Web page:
ZURICH U.S. regulators have not approved
Novartis AG's Prexige painkiller, the Swiss drugmaker said on
Thursday, a move that had been expected after Australia
withdrew the drug on concerns over liver side-effects.
"Novartis has received a 'not approvable' letter from the
U.S. Food and Drug Administration," the company said.
"Novartis (will) continue discussions with (the) FDA and
believes Prexige a valuable treatment option for appropriate
patients with osteoarthritic pain," it added.
Shares in the group were unchanged at 64.40 Swiss francs in
Novartis has in the past touted Prexige as a potential
blockbuster, with hopes for sales of over $1 billion a year,
but Chairman and CEO Daniel Vasella said earlier this month
Prexige was unlikely to gain U.S. approval due to the liver
Many analysts had also doubted the drug, a so-called COX-2
inhibitor, would get on the market in the United States after
the Australian regulators' decision last month to withdraw it.
Vontobel analyst Karl Heinz Koch said the decision could
prompt Novartis to cut 1,000 sales representatives in the U.S.,
which would boost profitability.
"The profit margin in the United States is likely to rise
as the cost-intensive launch of Prexige is falling away," he
Australia's drugs watchdog had received eight reports of
serious liver side-effects associated with the use of the drug,
including two deaths and two liver transplants.
Prexige, which had modest sales of $52 million in the first
half of the year, is approved in more than 50 countries, and is
currently being rolled out in Europe.
Last month, Novartis informed doctors in Europe of new
restrictions on prescribing Prexige, saying it should not be
used in patients with current liver disease or those at risk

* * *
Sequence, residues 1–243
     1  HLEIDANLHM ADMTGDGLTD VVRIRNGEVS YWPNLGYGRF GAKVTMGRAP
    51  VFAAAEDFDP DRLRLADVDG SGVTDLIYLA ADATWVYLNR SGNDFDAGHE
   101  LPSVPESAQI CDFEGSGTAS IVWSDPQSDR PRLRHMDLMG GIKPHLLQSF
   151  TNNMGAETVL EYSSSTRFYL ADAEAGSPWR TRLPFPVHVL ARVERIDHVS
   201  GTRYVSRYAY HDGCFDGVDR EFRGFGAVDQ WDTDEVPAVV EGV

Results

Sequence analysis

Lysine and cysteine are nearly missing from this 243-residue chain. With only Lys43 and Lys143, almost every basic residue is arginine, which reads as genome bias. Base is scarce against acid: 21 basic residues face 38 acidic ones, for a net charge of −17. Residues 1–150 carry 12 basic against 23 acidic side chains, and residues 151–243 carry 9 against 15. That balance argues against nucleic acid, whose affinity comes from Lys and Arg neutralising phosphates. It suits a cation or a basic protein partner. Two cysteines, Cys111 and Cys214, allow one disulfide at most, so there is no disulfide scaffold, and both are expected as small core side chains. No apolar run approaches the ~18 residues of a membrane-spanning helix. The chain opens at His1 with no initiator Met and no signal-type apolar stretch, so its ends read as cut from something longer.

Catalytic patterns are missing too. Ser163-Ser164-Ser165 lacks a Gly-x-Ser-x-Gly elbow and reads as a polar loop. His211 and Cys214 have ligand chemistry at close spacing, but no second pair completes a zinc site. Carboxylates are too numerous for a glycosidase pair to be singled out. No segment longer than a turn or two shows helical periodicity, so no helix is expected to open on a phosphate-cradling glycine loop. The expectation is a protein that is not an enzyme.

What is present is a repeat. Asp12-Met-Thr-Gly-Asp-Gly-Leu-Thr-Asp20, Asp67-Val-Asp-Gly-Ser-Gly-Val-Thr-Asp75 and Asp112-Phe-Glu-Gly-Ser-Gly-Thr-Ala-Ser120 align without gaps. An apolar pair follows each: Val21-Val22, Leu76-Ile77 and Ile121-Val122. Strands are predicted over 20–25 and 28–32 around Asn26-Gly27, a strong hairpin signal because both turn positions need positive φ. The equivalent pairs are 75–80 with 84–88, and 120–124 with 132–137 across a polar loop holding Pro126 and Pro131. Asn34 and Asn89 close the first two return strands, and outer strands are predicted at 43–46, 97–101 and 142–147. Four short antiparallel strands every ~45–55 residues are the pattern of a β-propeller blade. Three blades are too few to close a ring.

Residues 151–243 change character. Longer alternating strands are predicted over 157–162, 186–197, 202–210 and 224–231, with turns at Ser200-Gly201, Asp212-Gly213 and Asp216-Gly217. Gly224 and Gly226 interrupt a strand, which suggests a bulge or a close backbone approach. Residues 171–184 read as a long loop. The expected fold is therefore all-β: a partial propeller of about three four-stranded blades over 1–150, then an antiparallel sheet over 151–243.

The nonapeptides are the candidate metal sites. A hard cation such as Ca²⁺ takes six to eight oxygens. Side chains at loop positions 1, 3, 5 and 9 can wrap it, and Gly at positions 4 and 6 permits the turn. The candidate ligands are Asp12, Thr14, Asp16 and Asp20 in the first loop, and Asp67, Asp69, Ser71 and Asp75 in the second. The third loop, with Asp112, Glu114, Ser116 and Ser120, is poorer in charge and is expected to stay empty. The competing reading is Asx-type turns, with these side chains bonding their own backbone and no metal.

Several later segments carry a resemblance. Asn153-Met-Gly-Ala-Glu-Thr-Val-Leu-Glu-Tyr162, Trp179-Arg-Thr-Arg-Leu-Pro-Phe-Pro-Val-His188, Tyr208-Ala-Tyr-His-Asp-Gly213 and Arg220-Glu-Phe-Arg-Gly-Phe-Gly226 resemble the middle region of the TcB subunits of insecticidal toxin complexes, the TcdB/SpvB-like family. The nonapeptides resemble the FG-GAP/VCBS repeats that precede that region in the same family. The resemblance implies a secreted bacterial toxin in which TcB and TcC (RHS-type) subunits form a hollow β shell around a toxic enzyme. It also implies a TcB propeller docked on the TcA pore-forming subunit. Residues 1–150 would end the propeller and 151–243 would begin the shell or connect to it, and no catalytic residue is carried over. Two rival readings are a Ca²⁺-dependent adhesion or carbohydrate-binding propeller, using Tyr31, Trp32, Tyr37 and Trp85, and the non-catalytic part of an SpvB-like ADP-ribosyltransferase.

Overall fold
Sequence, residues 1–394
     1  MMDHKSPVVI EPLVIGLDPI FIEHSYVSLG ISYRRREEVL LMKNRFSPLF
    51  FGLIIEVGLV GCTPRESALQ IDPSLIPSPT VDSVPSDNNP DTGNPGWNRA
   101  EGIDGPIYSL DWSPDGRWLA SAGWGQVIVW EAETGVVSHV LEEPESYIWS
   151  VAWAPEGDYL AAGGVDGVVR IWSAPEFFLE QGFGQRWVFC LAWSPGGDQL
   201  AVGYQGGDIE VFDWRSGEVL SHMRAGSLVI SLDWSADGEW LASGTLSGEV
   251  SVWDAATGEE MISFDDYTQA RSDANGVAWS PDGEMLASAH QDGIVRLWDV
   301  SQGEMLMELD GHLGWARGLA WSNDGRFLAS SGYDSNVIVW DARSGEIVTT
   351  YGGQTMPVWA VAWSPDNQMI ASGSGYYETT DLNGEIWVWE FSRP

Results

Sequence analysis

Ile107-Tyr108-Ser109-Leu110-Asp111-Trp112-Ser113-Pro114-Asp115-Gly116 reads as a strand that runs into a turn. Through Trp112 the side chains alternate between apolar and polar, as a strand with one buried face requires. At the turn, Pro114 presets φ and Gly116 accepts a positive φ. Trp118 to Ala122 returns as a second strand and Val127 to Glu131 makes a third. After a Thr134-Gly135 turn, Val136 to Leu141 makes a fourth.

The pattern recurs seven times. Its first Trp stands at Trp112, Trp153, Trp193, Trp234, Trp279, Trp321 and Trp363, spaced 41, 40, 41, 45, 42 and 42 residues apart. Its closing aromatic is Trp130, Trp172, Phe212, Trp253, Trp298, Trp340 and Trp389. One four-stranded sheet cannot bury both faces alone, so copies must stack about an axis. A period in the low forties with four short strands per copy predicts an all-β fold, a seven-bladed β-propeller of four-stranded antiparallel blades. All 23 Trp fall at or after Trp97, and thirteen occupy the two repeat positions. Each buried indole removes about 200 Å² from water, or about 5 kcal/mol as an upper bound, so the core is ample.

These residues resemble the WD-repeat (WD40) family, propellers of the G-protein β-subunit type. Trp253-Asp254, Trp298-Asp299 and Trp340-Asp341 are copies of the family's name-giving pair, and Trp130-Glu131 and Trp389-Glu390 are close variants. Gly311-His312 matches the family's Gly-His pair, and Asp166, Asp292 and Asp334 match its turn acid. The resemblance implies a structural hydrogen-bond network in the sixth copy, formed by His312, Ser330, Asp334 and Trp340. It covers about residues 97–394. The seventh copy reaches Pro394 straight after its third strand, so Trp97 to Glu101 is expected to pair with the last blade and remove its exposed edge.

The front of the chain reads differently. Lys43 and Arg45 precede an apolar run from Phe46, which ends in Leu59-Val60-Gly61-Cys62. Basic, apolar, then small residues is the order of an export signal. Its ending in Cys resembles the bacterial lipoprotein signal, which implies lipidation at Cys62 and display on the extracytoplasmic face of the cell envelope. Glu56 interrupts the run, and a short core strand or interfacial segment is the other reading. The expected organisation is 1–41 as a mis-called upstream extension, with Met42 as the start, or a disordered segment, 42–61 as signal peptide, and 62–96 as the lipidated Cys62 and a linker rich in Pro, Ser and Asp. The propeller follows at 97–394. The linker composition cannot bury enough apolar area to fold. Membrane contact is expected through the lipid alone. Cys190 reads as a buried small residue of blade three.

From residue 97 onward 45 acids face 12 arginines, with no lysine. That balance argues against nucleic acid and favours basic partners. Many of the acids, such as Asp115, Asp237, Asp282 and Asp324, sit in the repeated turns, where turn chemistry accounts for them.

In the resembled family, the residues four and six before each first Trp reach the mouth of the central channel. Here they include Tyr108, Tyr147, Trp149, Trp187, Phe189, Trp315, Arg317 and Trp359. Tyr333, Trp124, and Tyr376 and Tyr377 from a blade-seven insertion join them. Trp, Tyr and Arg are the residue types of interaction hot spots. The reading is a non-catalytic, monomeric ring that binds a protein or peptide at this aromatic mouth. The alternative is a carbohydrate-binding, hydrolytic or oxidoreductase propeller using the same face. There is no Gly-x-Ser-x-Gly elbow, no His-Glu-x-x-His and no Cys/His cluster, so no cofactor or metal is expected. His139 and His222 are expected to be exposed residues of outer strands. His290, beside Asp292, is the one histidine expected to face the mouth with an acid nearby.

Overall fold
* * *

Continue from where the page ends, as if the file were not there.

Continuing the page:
because of their histories or other medicines.
Nonetheless, Novartis argues its product is no more risky
than other older non-steroidal anti-inflammatory drugs
(NSAIDs), and the number of patients -- 0.85 percent -- with
raised liver enzymes greater than three times the upper limit
of normal is in line with other NSAIDs.
At the same time, tests have shown Prexige has
significantly less impact on blood pressure.
COX-2s have been under a cloud since the withdrawal of
Merck & Co Inc's Vioxx in 2004 after studies found it raised
heart attack risks.
Novartis has suffered a series of setbacks this year,
tarnishing what should have been a bumper year for the launch
of new blockbusters.
Another key new drug, Galvus for diabetes, was also delayed
in the U.S. because of safety concerns. The product is expected
to be launched in Europe by the fourth quarter of this year,
but will only be resubmitted in the U.S. in 2009.
Novartis was also forced to cut its 2007 guidance after
withdrawing the bowel drug Zelnorm from U.S. shelves in March.
(Additional reporting by Douwe Miedema and Sven Egenter,
with Ben Hirschler in London)